‘Rescued by Ruby’ portrays a hyperactive and anxious K9 duo ready to save lives

Ride alongside the story of the 2018 ‘Search and Rescue Dog of the Year’


Netflix’s heart-warming ‘Rescued by Ruby’ depicts the real-life story of an anxious K-9 search dog named Ruby.
Rating: A+
Photo Credit: Fezziwig Studios

Hannah Paine

The hyperactive shelter dog Ruby attained worldwide fame in 2018 after being named the “Search and Rescue Dog of the Year.” Originally ordered to be put down, anxious and dyslexic state trooper Daniel O’Neill (Grant Gustin) saves Ruby. He dreams of joining Rhode Island’s K-9 Search and Rescue team for years, but after seven rejections and the age limit restriction, Ruby is his last hope. 


The movie does an excellent job of creating a bond between Gustin and Bear, the shelter dog that portrays Ruby. They have such a strong on-screen connection that makes it easy to believe they have an owner-pet relationship in real life. The rest of the human cast of is also cast well, with each actor resembling their real-life counterpart. The only issue I had seemed to have with the casting was the northeastern accent that Gustin went in and out of. In some cases, it seemed as if he was almost trying to match the accents of his coworkers, and I just found it odd.


Throughout the film, O’Neill undergoes immense character development, creating an opportunity for a deeper emotional connection with the audience. He works for the partnership, learning to trust Ruby and, unlike all of her former owners, never gives up. On the other hand, there is a limited amount of development for most of the other characters, like his wife, Melissa (Kaylah Zander). Though she’s a positive contribution to the film, she doesn’t demonstrate much emotional complexity. The entire plot focuses on overcoming issues and learning to grow emotionally, but it seemed that they barely touched on Melissa’s side of the story.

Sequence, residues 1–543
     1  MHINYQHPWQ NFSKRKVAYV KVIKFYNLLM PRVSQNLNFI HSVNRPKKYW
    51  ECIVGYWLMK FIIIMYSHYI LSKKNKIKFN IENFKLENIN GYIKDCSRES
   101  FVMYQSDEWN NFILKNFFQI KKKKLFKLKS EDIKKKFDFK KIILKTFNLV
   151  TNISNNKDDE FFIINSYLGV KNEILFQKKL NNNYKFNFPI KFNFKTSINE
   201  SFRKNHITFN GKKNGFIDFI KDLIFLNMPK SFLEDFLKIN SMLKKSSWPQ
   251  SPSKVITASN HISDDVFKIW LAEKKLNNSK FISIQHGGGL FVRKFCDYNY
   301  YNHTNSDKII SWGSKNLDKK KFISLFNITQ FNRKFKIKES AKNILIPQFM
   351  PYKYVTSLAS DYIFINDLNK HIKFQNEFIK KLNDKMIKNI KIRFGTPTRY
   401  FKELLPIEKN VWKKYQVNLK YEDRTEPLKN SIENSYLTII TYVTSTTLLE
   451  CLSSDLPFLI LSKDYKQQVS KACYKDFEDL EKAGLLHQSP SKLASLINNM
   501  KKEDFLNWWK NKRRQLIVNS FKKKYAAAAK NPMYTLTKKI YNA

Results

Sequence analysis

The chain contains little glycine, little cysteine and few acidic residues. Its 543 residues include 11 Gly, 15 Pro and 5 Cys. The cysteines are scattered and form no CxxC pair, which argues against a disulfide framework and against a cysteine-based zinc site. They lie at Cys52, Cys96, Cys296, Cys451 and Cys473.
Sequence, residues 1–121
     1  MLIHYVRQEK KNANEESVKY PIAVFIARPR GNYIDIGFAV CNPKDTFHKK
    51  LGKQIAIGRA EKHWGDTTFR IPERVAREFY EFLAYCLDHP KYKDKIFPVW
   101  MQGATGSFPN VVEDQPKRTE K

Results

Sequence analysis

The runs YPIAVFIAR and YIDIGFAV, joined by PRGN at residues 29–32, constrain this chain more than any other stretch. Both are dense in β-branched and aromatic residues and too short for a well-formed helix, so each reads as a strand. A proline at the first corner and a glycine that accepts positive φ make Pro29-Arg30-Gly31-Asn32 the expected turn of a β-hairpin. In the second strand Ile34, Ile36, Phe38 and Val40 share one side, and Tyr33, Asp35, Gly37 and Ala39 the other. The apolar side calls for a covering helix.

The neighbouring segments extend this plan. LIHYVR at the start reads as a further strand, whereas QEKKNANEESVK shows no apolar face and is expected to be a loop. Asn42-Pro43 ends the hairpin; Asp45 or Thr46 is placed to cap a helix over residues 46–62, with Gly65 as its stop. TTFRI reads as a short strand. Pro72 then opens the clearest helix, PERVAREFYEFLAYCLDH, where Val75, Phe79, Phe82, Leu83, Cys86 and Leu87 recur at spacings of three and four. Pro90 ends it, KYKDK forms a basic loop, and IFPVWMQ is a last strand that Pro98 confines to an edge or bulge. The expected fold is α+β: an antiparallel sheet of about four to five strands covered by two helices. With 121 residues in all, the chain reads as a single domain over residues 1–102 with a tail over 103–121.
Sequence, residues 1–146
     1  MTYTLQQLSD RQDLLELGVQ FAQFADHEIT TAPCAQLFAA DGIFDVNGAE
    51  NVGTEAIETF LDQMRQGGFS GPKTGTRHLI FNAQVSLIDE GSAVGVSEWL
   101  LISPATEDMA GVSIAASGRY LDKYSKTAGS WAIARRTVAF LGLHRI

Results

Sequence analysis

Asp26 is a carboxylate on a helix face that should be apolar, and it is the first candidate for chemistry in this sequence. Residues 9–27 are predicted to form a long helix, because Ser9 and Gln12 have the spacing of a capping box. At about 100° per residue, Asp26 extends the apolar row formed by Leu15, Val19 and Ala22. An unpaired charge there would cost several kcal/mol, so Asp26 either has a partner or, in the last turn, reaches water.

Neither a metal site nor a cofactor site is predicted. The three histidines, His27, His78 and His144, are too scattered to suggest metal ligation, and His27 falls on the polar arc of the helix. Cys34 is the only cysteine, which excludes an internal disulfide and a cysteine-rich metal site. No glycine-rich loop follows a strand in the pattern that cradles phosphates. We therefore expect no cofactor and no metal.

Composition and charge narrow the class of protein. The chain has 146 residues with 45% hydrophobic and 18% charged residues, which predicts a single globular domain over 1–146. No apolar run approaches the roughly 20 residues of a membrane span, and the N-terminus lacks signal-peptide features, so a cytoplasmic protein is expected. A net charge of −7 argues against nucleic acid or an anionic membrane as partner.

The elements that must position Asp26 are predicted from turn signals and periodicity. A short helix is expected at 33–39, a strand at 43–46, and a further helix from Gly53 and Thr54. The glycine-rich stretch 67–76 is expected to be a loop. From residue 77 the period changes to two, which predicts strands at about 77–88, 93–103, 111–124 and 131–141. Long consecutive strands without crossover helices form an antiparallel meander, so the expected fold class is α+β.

Another moment that conveys complex development is the second chance scene, where O’Neill finds Ruby and regains her trust. After being apart for days, O’Neill starts to worry about Ruby and soon realizes that it was more than a dog-owner partnership, he couldn’t give up. Between the rain symbolizing a rebirth of a partnership, to Gustin and Bear connecting on a more emotional level, it all felt like a dream. The scene is hopeful, triumphant, and follows into the rescue scene that presents drama that the rest of the movie lacks.


This true story has been turned into a wonderful movie with an emotional and well-written script. It touches on the impacts anxiety, dyslexia and overactive personalities can have on someone’s life and how someone with those disorders can come out on the better side of the story. I found Ruby’s story to be incredibly beautiful and the full-circle feeling that comes from it left me wanting more. Overall, I was delighted to watch a dog movie that didn’t end with an inconsolable death – and I can assure that any younger siblings you have will too.